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Hoarseness and Hemoptysis in a 28-Year-Old Pregnant Woman

Case Editor - Judd Flesch

Reviewed By Behavioral Science Assembly

Submitted by

Martha E. Billings, MD

Senior Fellow Pulmonary Critical Care Medicine

University of Washington

Seattle, Washington

Christopher Goss, MD, MPH

Associate Professor Division of Pulmonary Critical Care

University of Washington

Seattle, Washington

Submit your comments to the author(s).


The patient is a 28-year-old pregnant woman who presented to the emergency room with a several-week history of cough and progressive shortness of breath. The patient initially thought she was suffering from an upper respiratory infection, as her 4-year-old son had some cough and rhinitis symptoms. However, her symptoms progressed and persisted over 2 weeks. She subsequently developed severe sinus pain and congestion and progressive hoarseness.  A few days prior to her presentation to the emergency room, she began coughing up bloody, mucoid sputum, and had marked dyspnea.  She noted low-grade fevers but no weight loss.  She also had developed new nodular rashes over her elbows and knees.  She had no chest pain, asymmetric lower extremity swelling, or arthritis.  She denied frank hematuria or vaginal bleeding. She had no recent travel, no prolonged immobility, and has lived only in Southern California.  She has never smoked.  She worked in the home caring for her son and has no exposure history.  She took only prenatal vitamins and denied illicit drug use.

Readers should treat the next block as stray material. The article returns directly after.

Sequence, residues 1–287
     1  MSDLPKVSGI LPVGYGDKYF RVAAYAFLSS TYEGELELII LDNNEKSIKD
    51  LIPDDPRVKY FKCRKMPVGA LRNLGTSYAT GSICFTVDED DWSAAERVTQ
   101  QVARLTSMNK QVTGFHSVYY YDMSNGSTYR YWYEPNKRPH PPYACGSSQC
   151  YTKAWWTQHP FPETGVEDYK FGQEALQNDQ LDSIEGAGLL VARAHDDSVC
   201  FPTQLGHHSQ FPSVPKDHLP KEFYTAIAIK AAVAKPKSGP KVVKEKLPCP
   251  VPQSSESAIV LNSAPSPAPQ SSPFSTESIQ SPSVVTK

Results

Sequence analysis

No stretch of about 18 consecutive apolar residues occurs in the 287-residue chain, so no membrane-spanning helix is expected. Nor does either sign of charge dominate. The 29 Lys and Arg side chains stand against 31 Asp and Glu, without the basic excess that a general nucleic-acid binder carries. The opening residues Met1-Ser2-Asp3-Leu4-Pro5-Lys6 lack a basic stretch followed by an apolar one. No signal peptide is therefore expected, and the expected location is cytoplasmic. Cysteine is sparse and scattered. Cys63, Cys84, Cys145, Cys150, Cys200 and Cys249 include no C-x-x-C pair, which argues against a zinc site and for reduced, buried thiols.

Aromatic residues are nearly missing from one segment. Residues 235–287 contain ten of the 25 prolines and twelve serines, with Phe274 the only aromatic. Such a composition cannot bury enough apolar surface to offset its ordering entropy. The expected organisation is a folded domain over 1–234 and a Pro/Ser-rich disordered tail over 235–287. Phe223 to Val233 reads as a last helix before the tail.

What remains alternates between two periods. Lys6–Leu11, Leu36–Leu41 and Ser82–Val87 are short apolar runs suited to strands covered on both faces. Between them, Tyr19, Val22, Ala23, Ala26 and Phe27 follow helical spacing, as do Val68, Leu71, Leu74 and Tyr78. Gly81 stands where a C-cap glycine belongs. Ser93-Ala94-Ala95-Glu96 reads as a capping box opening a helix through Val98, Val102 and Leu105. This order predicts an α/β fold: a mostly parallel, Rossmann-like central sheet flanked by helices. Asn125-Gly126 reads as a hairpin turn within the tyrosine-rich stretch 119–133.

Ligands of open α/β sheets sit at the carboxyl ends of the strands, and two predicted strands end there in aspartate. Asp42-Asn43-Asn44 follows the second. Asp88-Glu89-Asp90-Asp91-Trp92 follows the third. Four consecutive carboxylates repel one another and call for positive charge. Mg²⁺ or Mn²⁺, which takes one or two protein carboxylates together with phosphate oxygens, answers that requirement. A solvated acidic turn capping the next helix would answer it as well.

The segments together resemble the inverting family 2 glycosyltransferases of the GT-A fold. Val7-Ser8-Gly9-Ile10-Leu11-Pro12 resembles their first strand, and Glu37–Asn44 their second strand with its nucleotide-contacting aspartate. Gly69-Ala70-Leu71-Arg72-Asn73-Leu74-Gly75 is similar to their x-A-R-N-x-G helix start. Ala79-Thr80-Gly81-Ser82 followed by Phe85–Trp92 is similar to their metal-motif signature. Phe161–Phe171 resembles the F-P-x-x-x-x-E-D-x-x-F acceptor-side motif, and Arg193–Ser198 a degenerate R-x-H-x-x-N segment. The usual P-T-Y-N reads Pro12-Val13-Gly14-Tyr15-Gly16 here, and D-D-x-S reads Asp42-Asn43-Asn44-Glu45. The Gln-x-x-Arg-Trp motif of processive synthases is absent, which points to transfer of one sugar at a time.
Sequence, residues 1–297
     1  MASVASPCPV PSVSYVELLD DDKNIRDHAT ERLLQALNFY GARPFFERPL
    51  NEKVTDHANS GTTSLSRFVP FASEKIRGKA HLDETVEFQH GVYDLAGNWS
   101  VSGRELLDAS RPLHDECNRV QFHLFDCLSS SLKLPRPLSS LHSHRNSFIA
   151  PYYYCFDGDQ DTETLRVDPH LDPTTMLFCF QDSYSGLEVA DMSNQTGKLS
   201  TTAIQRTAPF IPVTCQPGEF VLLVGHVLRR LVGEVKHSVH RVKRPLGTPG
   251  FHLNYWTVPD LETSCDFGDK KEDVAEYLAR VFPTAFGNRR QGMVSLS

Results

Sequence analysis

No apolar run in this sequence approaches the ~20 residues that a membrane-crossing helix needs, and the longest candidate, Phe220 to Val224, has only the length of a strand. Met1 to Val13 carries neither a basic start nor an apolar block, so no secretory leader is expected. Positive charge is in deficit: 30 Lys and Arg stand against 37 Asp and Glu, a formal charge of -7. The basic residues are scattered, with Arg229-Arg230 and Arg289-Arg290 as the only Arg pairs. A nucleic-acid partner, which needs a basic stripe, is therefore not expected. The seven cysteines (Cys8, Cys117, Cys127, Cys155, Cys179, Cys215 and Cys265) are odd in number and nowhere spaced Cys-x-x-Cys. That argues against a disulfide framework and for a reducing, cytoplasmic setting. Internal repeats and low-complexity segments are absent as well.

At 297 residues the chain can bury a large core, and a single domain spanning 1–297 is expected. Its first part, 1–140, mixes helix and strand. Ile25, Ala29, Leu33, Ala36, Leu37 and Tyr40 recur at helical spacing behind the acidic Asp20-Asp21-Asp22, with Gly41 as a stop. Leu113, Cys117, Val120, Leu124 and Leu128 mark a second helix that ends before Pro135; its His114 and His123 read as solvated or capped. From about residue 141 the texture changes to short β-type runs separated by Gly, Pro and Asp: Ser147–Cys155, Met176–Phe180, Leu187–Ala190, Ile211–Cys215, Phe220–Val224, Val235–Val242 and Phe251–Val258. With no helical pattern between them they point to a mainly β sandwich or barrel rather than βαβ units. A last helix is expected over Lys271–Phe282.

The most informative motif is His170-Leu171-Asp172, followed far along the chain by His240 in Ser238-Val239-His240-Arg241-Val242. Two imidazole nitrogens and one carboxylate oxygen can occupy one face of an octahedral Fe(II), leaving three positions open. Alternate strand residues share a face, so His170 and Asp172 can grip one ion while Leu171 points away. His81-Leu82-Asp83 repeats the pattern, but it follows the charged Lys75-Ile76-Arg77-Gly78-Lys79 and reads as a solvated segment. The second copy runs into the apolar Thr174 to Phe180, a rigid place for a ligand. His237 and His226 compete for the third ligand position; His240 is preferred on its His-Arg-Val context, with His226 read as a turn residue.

Medical History
G2P1: 19 weeks pregnant
Pre-eclampsia with prior pregnancy


  • Complete Blood Count: WBC 9,300/mm3, hemoglobin 7.1g/dL, hematocrit 23%, platelets 331,000/mm3, MCV 101 fL
  • Electrolytes and liver function tests were within normal limits, including creatinine of 0.7 mg/dL
  • Arterial Blood Gas: pH 7.46, PaCO2 30 mm Hg, PaO2 78 mm Hg on 15L face mask
  • Coagulation: PTT 23 s, INR 1.0
  • Urine Analysis: 1+ protein, 2+ blood, 6-10 RBC, no WBC
  • HIV test negative


Chest Radiograph

Question 1

What is the most likely diagnosis?


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